Risk Analysis

Socioeconomic Vulnerability and Adaptation to Environmental Risk: A Case Study of Climate Change and Flooding in Bangladesh

Journal Article

In this article we investigate the complex relationship between environmental risk, poverty, and vulnerability in a case study carried out in one of the poorest and most flood‐prone countries in the world, focusing on household and community vulnerability and adaptive coping mechanisms. Based upon the steadily growing amount of literature in this field we develop and test our own analytical model. In a large‐scale household survey carried out in southeast Bangladesh, we ask almost 700 floodplain residents living without any flood protection along the River Meghna about their flood risk exposure, flood problems, flood damage, and coping mechanisms. Novel in our study is the explicit testing of the effectiveness of adaptive coping strategies to reduce flood damage costs. We show that, households with lower income and less access to productive natural assets face higher exposure to risk of flooding. Disparity in income and asset distribution at community level furthermore tends to be higher at higher risk exposure levels, implying that individually vulnerable households are also collectively more vulnerable. Regarding the identification of coping mechanisms to deal with flood events, we look at both the ex ante household level preparedness for flood events and the ex post availability of community‐level support and disaster relief. We find somewhat paradoxically that the people that face the highest risk of flooding are the least well prepared, both in terms of household‐level ex ante preparedness and community‐level ex post flood relief.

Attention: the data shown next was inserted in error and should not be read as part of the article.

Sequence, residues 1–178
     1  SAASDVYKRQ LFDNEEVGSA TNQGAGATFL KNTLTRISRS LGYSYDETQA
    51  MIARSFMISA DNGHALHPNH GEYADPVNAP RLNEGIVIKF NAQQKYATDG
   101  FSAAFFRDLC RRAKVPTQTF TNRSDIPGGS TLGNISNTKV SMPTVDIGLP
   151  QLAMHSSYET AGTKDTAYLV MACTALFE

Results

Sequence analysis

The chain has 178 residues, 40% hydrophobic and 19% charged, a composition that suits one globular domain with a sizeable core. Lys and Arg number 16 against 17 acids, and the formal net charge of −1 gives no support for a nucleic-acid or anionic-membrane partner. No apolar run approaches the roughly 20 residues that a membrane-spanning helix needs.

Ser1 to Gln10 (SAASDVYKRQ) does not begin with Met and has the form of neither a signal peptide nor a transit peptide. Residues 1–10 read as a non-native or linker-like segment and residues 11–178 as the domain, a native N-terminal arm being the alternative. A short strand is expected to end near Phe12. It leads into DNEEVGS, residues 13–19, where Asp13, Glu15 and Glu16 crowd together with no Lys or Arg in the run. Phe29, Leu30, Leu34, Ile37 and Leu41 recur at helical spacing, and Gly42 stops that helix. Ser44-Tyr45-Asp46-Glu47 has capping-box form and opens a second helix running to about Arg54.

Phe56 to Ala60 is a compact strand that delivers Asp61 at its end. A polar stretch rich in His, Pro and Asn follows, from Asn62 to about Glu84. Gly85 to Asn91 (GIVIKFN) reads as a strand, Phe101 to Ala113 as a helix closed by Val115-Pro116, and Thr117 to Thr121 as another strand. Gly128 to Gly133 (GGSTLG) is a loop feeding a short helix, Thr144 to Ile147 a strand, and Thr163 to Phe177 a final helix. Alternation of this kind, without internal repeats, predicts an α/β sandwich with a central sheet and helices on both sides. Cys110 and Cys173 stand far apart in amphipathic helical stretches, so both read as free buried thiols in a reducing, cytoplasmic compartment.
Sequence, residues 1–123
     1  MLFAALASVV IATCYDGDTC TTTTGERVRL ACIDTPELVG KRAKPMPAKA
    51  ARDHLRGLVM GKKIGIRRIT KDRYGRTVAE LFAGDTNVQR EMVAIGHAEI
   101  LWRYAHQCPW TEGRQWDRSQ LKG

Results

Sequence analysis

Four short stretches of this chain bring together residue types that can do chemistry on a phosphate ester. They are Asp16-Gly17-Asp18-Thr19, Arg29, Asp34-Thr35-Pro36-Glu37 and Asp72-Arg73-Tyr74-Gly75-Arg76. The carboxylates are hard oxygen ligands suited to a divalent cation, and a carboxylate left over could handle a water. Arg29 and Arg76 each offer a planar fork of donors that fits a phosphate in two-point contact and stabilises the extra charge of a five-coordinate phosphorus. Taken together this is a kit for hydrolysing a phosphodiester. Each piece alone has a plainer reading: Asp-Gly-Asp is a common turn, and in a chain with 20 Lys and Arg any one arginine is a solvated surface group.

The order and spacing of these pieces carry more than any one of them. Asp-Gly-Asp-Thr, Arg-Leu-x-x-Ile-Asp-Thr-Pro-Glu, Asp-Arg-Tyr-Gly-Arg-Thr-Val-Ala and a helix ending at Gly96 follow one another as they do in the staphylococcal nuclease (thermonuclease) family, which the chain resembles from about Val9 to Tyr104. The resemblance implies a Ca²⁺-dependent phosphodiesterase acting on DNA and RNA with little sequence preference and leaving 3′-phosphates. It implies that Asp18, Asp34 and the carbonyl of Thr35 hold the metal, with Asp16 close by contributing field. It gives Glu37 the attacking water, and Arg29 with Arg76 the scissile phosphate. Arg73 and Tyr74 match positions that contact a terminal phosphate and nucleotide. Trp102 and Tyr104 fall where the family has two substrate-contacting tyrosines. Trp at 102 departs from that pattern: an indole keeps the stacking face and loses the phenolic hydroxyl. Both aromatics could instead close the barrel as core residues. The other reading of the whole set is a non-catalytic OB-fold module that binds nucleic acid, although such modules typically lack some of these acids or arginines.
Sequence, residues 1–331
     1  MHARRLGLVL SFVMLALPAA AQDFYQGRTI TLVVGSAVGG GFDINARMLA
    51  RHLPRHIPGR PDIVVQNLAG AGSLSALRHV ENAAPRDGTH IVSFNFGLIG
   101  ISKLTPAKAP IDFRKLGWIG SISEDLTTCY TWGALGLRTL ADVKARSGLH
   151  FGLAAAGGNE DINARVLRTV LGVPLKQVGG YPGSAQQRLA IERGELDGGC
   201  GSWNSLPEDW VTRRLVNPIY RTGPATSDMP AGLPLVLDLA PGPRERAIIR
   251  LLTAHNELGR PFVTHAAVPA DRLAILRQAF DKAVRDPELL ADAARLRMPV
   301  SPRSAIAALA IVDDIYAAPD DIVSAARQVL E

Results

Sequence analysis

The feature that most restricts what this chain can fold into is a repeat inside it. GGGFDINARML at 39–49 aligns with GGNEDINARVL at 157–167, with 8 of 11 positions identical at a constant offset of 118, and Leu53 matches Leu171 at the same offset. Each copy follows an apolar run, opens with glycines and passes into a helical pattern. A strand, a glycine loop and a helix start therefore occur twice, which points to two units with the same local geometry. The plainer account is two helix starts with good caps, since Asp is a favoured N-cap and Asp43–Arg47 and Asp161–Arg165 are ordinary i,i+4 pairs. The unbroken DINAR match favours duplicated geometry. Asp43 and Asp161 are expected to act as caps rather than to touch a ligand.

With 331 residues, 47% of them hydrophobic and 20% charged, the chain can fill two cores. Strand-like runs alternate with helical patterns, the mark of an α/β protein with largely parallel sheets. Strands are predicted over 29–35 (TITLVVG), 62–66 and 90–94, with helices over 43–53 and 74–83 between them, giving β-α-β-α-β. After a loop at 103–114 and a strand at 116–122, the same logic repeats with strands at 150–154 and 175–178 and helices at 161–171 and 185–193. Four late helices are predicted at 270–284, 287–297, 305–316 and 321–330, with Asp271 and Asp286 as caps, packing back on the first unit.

Related Topics

Related Publications

Related Content

Site Footer

Address:

This website is provided by John Wiley & Sons Limited, The Atrium, Southern Gate, Chichester, West Sussex PO19 8SQ (Company No: 00641132, VAT No: 376766987)

Published features on StatisticsViews.com are checked for statistical accuracy by a panel from the European Network for Business and Industrial Statistics (ENBIS)   to whom Wiley and StatisticsViews.com express their gratitude. This panel are: Ron Kenett, David Steinberg, Shirley Coleman, Irena Ograjenšek, Fabrizio Ruggeri, Rainer Göb, Philippe Castagliola, Xavier Tort-Martorell, Bart De Ketelaere, Antonio Pievatolo, Martina Vandebroek, Lance Mitchell, Gilbert Saporta, Helmut Waldl and Stelios Psarakis.